Meet Angela Saeger:

Mom on a Mission + Food Safety Warrior at
Mariani Packing Company

Angela Saeger has had a long, successful, and fulfilling career in food safety.

Along the way, a terribly frightening experience amped up this devoted mother’s huge passion for preventing foodborne illness: Her son, Luke, contracted a severe Campylobacter infection at just five years old.

There’s nothing quite like a mother’s love to fuel the tough battle against foodborne disease. And when you get to know our beloved friend, Angela, in our Q & A below, you’ll quickly see that her deep commitment to food safety and helping victims is a special part of her very soul.

Q: How did you start your career in food safety, Angela?
A: I began my career working in quality assurance almost 25 years ago. My first role in a food company was as a quality grader in the lab.

As I moved on to different companies and different titles, I was fortunate to have great mentors early on and many companies that invested in educating me.

One experience rocked me to my core and forever solidified my appreciation for food safety: It was when my son, Luke, fell seriously ill when he was five due to Campylobacter, and we never found out how he got it.

That’s when it really hit home that a person’s health and life are in the hands of people we trust to handle our food as it moves from farm to fork. It made the importance of my job rise to a new (and very high) level. And, later when my son was 10, he was diagnosed with Crohn’s disease, which put him at a higher risk for foodborne illness. Because of this, my entire family needed to take a deep dive into food safety and proper food handling practices, too. Thankfully I had a lot of knowledge from my career that I was able to easily translate to our home life.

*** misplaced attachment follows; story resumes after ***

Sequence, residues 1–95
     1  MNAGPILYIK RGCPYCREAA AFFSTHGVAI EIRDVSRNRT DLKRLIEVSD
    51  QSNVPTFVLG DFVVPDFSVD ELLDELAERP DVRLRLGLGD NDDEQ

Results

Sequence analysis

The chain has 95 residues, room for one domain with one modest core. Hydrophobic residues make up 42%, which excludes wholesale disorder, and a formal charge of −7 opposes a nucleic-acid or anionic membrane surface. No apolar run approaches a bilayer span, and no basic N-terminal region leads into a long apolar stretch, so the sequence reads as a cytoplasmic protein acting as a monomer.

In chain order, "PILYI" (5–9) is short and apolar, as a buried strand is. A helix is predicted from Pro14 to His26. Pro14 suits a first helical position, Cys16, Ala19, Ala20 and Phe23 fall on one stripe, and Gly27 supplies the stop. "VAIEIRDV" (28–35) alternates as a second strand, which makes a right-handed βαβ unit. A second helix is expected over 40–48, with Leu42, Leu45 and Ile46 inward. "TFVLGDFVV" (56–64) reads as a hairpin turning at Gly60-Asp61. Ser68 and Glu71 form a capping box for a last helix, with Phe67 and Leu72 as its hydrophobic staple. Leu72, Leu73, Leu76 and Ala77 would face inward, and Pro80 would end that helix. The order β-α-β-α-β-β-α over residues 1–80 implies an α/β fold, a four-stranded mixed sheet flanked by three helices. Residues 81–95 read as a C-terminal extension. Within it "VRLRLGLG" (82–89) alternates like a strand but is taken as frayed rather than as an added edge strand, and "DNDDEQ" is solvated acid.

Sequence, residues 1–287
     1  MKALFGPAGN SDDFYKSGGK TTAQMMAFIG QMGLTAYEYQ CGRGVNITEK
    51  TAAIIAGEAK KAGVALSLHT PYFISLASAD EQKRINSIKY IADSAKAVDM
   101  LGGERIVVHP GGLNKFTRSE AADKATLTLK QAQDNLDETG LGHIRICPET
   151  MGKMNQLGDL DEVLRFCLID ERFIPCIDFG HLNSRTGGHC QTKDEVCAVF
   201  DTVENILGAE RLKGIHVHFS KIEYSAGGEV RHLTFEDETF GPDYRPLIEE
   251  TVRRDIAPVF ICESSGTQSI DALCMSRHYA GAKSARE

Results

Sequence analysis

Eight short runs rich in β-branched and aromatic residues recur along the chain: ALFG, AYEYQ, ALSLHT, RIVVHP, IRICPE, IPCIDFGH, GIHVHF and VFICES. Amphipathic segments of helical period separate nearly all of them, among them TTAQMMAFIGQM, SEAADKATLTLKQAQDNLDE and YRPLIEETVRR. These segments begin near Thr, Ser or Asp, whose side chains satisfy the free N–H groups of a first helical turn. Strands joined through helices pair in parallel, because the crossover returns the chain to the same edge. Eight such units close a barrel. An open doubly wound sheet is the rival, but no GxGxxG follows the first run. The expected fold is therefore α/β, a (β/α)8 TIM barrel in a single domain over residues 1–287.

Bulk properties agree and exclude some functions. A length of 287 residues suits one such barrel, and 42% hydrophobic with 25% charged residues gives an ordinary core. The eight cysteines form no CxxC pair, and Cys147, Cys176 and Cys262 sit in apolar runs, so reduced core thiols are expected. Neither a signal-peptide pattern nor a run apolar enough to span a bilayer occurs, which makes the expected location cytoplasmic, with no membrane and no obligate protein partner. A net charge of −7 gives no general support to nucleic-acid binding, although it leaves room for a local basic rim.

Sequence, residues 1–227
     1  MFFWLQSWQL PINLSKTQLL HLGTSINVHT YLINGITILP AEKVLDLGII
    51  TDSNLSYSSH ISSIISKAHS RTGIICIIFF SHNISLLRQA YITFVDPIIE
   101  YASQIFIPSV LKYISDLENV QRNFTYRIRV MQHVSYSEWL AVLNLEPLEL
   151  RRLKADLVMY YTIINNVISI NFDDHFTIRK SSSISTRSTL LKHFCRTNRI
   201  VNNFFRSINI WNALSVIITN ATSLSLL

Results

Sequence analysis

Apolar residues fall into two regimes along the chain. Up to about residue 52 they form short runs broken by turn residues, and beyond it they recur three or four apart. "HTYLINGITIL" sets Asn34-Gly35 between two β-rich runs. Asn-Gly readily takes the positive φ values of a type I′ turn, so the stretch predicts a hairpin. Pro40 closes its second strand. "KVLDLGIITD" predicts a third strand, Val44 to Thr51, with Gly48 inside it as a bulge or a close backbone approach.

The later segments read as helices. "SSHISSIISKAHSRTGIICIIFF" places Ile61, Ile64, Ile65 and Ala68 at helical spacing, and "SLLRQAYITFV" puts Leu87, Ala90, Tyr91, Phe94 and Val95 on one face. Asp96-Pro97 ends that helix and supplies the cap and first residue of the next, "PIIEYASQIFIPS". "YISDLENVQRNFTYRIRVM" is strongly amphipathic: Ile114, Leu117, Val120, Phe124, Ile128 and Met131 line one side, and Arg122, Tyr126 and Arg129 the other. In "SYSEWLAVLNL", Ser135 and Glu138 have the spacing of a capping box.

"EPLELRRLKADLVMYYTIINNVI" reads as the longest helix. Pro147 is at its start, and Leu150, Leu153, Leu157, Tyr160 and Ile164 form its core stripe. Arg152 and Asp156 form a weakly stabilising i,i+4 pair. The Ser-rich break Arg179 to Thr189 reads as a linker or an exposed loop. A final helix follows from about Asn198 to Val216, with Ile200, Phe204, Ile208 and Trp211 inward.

From the beginning, one thing that really resonated with me as it relates to work in the quality field is my enthusiasm (you might even call it an obsession!) for RULES. I’ve always been attracted to work that entails establishing rules and FOLLOWING them to get good outcomes. I just think it’s absolutely critical to do everything possible to make sure people actually do what they know they need to do from a food safety standpoint. We have to hold people’s feet to fire and keep them accountable. My own child who I watched suffer, combined with the heartbreaking stories of victims I’ve heard—especially people who’ve lost loved ones—keeps my passion alive and kicking every day.

Q: In your current position as Quality Assurance Manager at Mariani Packing Company, what do you do and what do you consider to be most important in keeping food safe?
A: Employee awareness and training.

By far, this is THE most important activity in preventing foodborne illness. This is where it all starts: With the people whose job it is to know what to do—and why—and then do it properly.

As a Quality Assurance Manager, I do so many things. To make sure I’m doing my work accurately and effectively, I’ve got to stay current on customer, statutory, and regulatory regulations related to food safety; food recalls; and the latest industry news through publications, webinars, seminars and trainings. Our company policies and procedures are then put into place to meet those requirements, which I’m an integral part of.

Having the correct policies and procedures in place is a start, but it doesn’t end there. This information must then make it to the employees—the ones who are actually making our products. That’s where training comes in. I help deliver training in a manner that effectively gives employees knowledge about our rules/regulations and why they exist. Finally, a big chunk of what I do involves testing employees’ knowledge post-training and monitoring their actions.